Rural-urban divide increasing
Third, regional development and governance structures. The economy is characterized by a large and increasing urban-rural divide, particularly regional economic growth, labor productivity and population growth. The government needs to create a focused regional policy both in metropolitan and rural areas. Regional economic policies should be accompanied by governance structures that geographically fit the problem area. The establishment of a unitary Auckland authority with an elected all-Auckland council has been a good starting point, but this should not be the end of local government reform. A similar centralized structure for the Wellington area was rejected by a poll of the city’s residents in 2015. Auckland’s local government covers more than one-third of the total population of the country. This implies a heavily asymmetric local government structure vis-à-vis central government. The 2010 and 2011 earthquakes in the Christchurch and the Canterbury region, followed by a 2016 earthquake that hit the South Island provincial town of Kaikoura, has understandably dominated the government’s regional-development agenda, with most of its activities receiving praise. The potential for restructuring the regions on a more general scale should be evaluated.
Electoral system still gaining legitimacy
Fourth, government as agenda-setter. New Zealand’s political system is still characterized by majoritarian design. There are no institutional veto players whose policy positions the government must consider (such as provincial or state governments, second chambers, constitutional courts or local governments with constitutionally guaranteed powers). However, the change to a mixed-member proportional electoral system has led to a multiparty system, the emergence of several minor political parties with de facto veto powers, and the formation of minority and coalition governments of different formats. After more than a decade, this governing arrangement has proven relatively positive, although parts of the electorate, especially older and more conservative voters, still need to be persuaded of the benefits of proportional representation. The outcome of the 2017 election, with the most popular party being rebuffed by the small New Zealand First Party, has prompted many older and more conservative voters to question the legitimacy of the new center-left government.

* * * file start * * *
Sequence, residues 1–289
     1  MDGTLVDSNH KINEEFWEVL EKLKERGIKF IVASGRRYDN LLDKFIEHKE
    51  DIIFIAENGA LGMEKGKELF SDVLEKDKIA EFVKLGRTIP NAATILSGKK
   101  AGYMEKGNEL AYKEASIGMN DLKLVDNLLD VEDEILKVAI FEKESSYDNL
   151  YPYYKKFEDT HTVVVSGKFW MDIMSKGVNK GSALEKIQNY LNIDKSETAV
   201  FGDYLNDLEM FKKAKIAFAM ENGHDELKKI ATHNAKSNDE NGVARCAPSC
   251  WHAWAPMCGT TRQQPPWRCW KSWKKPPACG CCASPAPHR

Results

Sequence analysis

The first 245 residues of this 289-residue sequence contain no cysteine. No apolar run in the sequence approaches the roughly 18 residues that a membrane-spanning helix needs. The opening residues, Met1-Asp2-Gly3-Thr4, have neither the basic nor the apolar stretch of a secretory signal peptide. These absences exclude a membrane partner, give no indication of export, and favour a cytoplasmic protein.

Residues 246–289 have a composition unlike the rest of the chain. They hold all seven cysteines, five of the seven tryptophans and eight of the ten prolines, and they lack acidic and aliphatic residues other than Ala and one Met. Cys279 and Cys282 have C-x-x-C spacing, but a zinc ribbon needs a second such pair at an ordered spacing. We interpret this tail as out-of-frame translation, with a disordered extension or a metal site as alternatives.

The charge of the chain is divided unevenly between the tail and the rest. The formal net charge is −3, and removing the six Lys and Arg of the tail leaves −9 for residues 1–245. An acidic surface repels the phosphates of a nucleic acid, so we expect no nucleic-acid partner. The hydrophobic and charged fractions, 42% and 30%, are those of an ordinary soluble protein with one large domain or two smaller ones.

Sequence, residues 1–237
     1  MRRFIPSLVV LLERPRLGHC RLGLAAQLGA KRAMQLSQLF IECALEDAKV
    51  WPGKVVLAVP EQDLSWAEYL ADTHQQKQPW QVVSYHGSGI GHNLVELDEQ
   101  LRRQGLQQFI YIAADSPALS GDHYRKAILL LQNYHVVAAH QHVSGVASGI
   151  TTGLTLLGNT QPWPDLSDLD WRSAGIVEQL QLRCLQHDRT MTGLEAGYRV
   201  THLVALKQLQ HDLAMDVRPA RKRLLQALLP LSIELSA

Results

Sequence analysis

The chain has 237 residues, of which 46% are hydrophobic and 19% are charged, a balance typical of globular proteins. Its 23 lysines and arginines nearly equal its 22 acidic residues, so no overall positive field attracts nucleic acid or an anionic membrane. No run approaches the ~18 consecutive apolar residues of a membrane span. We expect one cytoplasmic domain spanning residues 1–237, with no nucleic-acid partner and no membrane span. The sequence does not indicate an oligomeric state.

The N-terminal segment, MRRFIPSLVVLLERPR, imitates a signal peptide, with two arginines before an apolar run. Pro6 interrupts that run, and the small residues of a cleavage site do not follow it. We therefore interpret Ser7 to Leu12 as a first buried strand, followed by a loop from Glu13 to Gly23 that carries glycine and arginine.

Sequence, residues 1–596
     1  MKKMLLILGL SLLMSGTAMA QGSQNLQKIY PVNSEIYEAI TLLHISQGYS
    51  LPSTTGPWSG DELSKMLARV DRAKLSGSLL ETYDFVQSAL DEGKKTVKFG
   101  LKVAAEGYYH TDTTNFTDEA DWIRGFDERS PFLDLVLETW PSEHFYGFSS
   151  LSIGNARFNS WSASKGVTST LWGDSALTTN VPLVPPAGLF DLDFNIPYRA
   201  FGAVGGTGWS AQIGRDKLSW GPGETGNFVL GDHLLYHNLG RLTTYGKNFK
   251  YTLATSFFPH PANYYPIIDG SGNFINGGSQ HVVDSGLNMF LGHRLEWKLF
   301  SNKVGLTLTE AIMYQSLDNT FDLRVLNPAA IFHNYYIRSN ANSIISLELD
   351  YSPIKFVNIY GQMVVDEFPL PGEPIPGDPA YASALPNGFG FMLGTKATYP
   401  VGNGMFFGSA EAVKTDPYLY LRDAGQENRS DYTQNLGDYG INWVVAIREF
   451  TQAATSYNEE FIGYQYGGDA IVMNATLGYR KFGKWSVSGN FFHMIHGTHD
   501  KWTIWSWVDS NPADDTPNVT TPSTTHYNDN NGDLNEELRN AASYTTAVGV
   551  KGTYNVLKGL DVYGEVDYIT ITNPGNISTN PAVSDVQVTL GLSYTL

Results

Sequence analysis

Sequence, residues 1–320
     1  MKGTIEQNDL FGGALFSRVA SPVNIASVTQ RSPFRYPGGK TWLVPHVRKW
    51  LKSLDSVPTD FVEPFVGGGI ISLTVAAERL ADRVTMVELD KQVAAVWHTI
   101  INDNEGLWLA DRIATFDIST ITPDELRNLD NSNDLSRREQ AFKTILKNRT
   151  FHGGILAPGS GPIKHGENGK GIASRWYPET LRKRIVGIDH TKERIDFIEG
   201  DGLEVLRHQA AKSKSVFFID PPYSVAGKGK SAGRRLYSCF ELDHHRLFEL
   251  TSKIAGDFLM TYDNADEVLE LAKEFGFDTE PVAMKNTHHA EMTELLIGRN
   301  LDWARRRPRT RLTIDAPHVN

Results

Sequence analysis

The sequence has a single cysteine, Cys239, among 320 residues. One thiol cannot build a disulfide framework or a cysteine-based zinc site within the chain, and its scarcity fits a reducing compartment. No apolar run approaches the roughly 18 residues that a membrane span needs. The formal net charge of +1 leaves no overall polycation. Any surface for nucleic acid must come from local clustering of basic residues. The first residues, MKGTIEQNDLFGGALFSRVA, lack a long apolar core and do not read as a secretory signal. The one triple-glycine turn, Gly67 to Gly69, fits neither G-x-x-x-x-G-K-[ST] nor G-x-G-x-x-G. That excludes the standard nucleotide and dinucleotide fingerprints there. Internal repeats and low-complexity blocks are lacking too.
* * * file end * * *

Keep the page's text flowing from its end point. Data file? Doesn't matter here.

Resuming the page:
Extending parliamentary term considered
Recent governments have been able to proactively pursue their respective policy-reform agendas with noticeable success. However, while successive governments have been able to implement the vast majority of their policies, the process has been very time-consuming and occasionally produced contradictory policy initiatives. In 2013, former prime minister John Key proposed increasing parliamentary terms from three to four years to promote policy coherence and consensus. The proposal had failed in two previous government-initiated referendums (1967 and 1990). Judging from comments made by other party leaders, this proposal appeared to have wide-ranging support. At the same time, there is no evidence that public opposition has weakened. Short of gaining a 75% majority among members of the unicameral parliament, a four-year term seems an unlikely proposition.
Citations:
Statistics New Zealand ‘Dwelling and Household Estimates: December 2016 Quarter,’ 10 January 2017.
Raymond Miller, Democracy in New Zealand, Auckland, Auckland University Press, 2015, pp. 78-81.